At 20cm per carriage, and the train reaching way over a metre in length, it is big. Big enough, in fact, that each trailer can comfortably fit a Malcador super-heavy tank on board.

Whilst this is certainly a piece only for larger tables, it is a worthwhile purchase. For your money you get a sturdy, well designed and multi-use set of interlinking terrain pieces that will make for a great centrepiece, or a part of something bigger

Saturday, 8 August 2015

Showcase: Vraks Drop Assault Grenadiers

The Vrakian conflict was a lengthy war, taking its toll on both sides. Both factions attempted various strategies to out-do the other. The Vraksians favoured mass rushes, and one of the lesser known rush-tactics was in the eighth year of the conflict. 

Numerous traitors, equipped with heretical xenos-based drop assault gear, were flown to high altitudes and dropped into Death Corps forward command bases, in an attempt to disrupt the command chain and being the Guard armies to a standstill. A number of bases did fall into disarray, setting the Death Korps back several months. For most of the Vraksian "volunteers" it was a one-way trip: the technology behind the assault packs was barely known and of suspicious origins; one of several reasons why the Imperial forces never accepted mass use of the devices. It also leaked radiation excessively. Those who survived the initial shots of the Imperials either went mad, charging into the enemy without backup, or died days later from radiation sickness and organ failure. It is thought that the users of the packs are soldiers somehow dishonoured or punished by Cardinal Xaphan, or his advisor, and were sent into battle with the assault packs for their deeds. Even so, the Vraks assault troops were fierce fighters, perhaps seeking forgiveness from the Gods...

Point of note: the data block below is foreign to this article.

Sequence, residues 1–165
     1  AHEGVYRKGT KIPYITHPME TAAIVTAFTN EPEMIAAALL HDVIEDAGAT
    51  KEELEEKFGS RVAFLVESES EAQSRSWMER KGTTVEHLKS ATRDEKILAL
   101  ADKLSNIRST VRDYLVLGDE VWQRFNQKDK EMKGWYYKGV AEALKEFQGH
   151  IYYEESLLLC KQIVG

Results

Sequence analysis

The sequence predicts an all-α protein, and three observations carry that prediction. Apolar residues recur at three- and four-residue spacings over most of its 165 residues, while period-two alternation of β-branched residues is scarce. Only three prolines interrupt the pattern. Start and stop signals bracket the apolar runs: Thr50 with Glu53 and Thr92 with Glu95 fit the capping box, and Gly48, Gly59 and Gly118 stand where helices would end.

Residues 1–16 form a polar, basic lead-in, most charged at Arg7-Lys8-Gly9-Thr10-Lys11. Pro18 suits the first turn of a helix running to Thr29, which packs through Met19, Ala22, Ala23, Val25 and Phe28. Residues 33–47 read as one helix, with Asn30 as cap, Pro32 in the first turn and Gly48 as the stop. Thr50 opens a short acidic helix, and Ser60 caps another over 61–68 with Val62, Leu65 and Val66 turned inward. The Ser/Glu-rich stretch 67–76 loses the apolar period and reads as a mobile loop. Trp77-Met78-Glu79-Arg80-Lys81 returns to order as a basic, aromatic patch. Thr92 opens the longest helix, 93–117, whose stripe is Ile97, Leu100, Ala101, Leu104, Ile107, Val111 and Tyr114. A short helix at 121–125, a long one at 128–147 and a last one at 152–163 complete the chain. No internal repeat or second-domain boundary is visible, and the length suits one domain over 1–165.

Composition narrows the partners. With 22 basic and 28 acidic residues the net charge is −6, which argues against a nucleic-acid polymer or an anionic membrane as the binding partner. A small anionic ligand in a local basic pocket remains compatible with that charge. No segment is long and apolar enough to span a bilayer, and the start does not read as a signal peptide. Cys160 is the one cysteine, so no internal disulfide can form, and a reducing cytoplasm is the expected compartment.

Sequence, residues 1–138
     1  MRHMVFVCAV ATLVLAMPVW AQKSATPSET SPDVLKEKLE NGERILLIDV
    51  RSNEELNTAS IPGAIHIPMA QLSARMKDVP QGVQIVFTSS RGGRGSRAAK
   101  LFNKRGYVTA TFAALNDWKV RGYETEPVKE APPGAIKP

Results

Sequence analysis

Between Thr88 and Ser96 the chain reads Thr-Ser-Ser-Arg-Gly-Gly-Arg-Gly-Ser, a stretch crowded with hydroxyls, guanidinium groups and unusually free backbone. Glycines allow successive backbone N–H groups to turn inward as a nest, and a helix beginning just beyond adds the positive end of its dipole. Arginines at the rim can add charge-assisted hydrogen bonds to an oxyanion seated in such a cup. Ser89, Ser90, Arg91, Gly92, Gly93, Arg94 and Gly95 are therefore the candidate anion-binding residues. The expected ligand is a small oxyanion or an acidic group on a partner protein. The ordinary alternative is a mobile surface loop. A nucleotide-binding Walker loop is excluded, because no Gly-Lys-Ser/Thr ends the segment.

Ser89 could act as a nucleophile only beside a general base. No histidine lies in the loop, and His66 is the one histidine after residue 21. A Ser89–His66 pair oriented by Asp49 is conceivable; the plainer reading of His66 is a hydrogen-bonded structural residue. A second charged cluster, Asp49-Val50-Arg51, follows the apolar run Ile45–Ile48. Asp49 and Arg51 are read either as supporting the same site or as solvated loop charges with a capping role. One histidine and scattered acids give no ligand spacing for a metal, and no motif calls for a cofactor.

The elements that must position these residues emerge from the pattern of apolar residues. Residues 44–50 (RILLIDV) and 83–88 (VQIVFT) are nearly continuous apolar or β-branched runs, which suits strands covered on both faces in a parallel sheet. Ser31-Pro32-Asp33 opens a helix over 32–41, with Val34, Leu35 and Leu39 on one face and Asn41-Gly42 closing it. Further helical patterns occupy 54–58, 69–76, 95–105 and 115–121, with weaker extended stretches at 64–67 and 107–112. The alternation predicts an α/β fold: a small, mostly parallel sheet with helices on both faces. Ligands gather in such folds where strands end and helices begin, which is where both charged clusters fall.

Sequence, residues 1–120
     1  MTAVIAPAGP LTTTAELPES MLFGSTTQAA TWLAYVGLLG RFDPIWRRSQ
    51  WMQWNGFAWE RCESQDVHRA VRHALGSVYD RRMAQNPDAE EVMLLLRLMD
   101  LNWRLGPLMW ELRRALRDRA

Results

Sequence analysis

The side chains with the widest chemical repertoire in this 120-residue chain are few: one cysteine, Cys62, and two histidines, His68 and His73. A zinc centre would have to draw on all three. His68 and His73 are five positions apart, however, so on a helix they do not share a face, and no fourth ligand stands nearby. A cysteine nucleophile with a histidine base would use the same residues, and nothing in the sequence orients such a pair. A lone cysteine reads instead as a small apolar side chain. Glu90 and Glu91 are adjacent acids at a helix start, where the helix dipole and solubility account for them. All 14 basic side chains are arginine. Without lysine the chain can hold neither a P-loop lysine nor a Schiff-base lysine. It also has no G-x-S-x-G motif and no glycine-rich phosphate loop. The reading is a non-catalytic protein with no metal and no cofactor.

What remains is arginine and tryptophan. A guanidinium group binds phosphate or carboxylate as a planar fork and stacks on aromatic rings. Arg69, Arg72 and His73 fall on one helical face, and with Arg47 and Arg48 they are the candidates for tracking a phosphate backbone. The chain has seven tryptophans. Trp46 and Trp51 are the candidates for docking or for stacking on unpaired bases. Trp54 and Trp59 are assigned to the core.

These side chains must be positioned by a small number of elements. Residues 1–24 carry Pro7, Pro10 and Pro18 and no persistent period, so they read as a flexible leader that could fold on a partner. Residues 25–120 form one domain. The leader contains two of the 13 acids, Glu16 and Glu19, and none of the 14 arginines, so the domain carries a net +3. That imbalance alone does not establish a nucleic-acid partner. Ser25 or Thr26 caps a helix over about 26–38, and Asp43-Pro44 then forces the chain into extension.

Despite shelving the army whilst I moved house, and having limited time to work in it in the following months, I've actually finished a unit for the vraks renegades: a unit of five Veterans with the Grenadiers upgrade (for Hotshot Lasguns), a Hotshot Volleygun, and the Deep Strike ability, represented by their high-altitude drop gear. Whilst a small unit, it was fun to put together and paint, and will be a fun variance unit in what is otherwise a low-armoured mass-bodies styled force.

The scheme is the usual dirty browns and greens, but with a twist. The experimental assault packs have been painted in grey. Grey comes of as a great colour of experimental kit,-I don;t know why-so the main bulk of the drop pack is based around Vallejo Aspaly Grey and GW Codex Grey. the turbines are bronzed, and a few hazard makings were added to the sides: safety matters right?

I wanted this unit to have some extra stolen gear in addition to the jump packs. The heavy weapons carrier has a Hotshot Volleygun chained and strapped to his arms. This is likely to be salvage taken from the enemy, and so has been painted differently to other weapons in the Vraks force.

Because it was a mildly expensive conversion (I pretty much bought a whole Warzone pack just for these backpacks), I'm unlikely to add more to this unit. Unlikely, bot not against the idea...

Tuesday, 4 August 2015

Review: Exploding Kittens